How does rising atmospheric CO2 affect marine organisms?

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A 16-Year History of Coral Bleaching in Moorea, French Polynesia
Volume 17, Number 2: 8 January 2014

Pratchett et al. (2013) recently developed a history of variations in coral bleaching among four key genera of reef-building corals (Acropora, Montipora, Pocillopora and Porites) in Moorea, French Polynesia, wherein they focused on four mass-bleaching events that occurred there in 1991, 1994, 2002 and 2007, documenting the history of the bleaching susceptibility of each of the four coral genera in each of the four events in order to see what they could learn in so doing.

In describing their findings, the four researchers reported that "Acropora and Montipora consistently bleached in far greater proportions than Pocillopora and Porites." However, they say there was "an apparent and sustained decline in the proportion of colonies that bleached during successive bleaching events, especially for Acropora and Montipora." In 2007, for example, only 77% of Acropora colonies bleached compared with 98% in 1991. And although they acknowledge that "temporal variation in the proportion of coral colonies bleached may be attributable to differences in environmental conditions among years," they say that "alternately, the sustained declines in bleaching incidence among highly susceptible corals may be indicative of acclimation or adaptation."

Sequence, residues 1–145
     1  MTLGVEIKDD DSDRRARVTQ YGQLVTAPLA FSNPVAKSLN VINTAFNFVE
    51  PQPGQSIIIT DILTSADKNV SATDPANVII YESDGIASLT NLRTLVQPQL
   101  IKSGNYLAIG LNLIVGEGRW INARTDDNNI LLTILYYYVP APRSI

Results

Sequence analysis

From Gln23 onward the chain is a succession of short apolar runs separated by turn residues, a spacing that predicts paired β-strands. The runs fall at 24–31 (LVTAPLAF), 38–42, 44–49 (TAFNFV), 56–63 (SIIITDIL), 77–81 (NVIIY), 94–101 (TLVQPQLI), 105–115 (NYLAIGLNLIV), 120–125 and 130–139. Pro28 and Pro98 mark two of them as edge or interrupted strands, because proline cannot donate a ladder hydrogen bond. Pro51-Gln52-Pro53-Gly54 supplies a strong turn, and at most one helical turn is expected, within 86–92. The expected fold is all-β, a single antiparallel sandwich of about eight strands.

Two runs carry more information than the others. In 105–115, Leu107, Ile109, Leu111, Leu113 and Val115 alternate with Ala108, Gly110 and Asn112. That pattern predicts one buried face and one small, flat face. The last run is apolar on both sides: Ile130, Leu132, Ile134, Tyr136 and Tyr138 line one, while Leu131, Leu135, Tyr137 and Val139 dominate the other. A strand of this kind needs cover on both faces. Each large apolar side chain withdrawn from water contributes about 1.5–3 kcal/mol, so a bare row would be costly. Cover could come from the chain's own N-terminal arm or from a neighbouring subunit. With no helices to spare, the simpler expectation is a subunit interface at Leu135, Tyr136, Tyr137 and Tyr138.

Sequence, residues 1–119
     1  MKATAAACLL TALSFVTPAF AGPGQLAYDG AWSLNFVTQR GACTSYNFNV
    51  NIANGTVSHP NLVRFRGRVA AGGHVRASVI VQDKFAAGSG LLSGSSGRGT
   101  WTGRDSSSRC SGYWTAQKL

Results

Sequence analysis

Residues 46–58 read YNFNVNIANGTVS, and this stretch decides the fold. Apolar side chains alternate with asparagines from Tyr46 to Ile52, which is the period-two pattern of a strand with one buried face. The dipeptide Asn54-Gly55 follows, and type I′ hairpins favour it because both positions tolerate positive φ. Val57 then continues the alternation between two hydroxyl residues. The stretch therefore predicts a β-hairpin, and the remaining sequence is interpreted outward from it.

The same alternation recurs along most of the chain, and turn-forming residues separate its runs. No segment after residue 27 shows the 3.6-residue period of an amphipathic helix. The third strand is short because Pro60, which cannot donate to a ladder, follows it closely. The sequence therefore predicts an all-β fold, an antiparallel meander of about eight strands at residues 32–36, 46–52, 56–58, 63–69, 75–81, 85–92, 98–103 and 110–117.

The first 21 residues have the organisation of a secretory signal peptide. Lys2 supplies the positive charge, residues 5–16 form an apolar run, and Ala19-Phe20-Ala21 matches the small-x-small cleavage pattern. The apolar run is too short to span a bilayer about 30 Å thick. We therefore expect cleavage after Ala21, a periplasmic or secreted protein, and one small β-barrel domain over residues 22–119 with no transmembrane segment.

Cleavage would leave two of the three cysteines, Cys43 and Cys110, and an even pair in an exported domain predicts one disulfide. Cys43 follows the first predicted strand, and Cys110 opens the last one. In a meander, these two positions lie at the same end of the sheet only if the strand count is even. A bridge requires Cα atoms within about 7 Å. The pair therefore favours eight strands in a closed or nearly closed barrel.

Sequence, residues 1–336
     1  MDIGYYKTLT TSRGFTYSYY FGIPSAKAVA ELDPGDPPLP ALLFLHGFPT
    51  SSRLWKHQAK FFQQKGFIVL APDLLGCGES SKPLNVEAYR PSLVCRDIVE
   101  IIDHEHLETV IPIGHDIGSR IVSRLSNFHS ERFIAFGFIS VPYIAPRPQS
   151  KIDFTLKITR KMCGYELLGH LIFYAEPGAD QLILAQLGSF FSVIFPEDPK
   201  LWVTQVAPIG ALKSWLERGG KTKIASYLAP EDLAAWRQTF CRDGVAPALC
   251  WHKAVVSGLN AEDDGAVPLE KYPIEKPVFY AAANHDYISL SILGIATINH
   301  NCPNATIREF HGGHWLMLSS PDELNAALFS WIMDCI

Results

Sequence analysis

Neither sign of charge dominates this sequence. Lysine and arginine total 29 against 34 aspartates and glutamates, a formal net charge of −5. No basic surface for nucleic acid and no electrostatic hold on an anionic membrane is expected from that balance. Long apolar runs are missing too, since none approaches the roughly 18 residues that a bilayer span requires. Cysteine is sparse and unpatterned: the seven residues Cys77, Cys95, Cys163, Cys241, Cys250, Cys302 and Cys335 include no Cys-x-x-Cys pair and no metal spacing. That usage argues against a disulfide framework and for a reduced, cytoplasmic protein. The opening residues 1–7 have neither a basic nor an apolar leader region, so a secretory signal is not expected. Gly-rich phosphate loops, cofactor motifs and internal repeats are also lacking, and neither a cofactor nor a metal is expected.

"One possible explanation for these findings," in the words of Pratchett et al., "is that gradual removal of highly susceptible genotypes (through selective mortality of individuals, populations, and/or species) is producing a coral assemblage that is more resistant to sustained and ongoing ocean warming," and that "there is some capacity for adaptation, which will delay devastating effects of global climate change."

Concomitantly, however, they note that outbreaks of crown-of-thorns starfish (Acanthaster placi) "may have altogether different selective forcing on coral population and communities." And, therefore, they say that although "the capacity for scleractinian corals to adjust to, and cope with, ongoing increases in ocean temperatures may be appreciable," citing Glynn (1991), Maynard et al. (2008) and Guest et al. (2012), they add that "in order to maximize adaptive capacity to climate change it will continue to be important to minimize the diversity, frequency and severity of other anthropogenic disturbances that also affect coral reef organisms."

This is good advice, indeed, for if species-specific, genetically-determined, and life-sustaining processes in corals are capable of enabling them to satisfactorily cope with various aspects of climatic change, mankind has only its own disturbing of local coastal environments with which it needs to deal. If we can refrain from our local environment-degrading actions, nature can well take care of itself.

Sherwood, Keith and Craig Idso

Glynn, P.W. 1991. Coral reef bleaching in the 1980s and possible connections with global warming. Trends in Ecology and Evolution 6: 175-179.

Guest, J.R., Baird, A.H., Maynard, J.A., Muttaqin, E., Edwards, A.J., Campbell, S.J., Yewdall, K., Affendi, Y.A. and Chou, L.B. 2012. Contrasting patterns of coral bleaching susceptibility in 2010 suggest an adaptive response to thermal stress. PLOS ONE 7: e33353.

Pratchett, M.S., McCowan, D., Maynard, J.A. and Heron, S.F. 2013. Changes in bleaching susceptibility among corals subject to ocean warming and recurrent bleaching in Moorea, French Polynesia. PLOS ONE 8: e70443.

Maynard, J.A., Anthony, K.R.N., Marshall, P.A. and Masiri, I. 2008. Major bleaching events can lead to increased thermal tolerance in corals. Marine Biology 155: 173-182.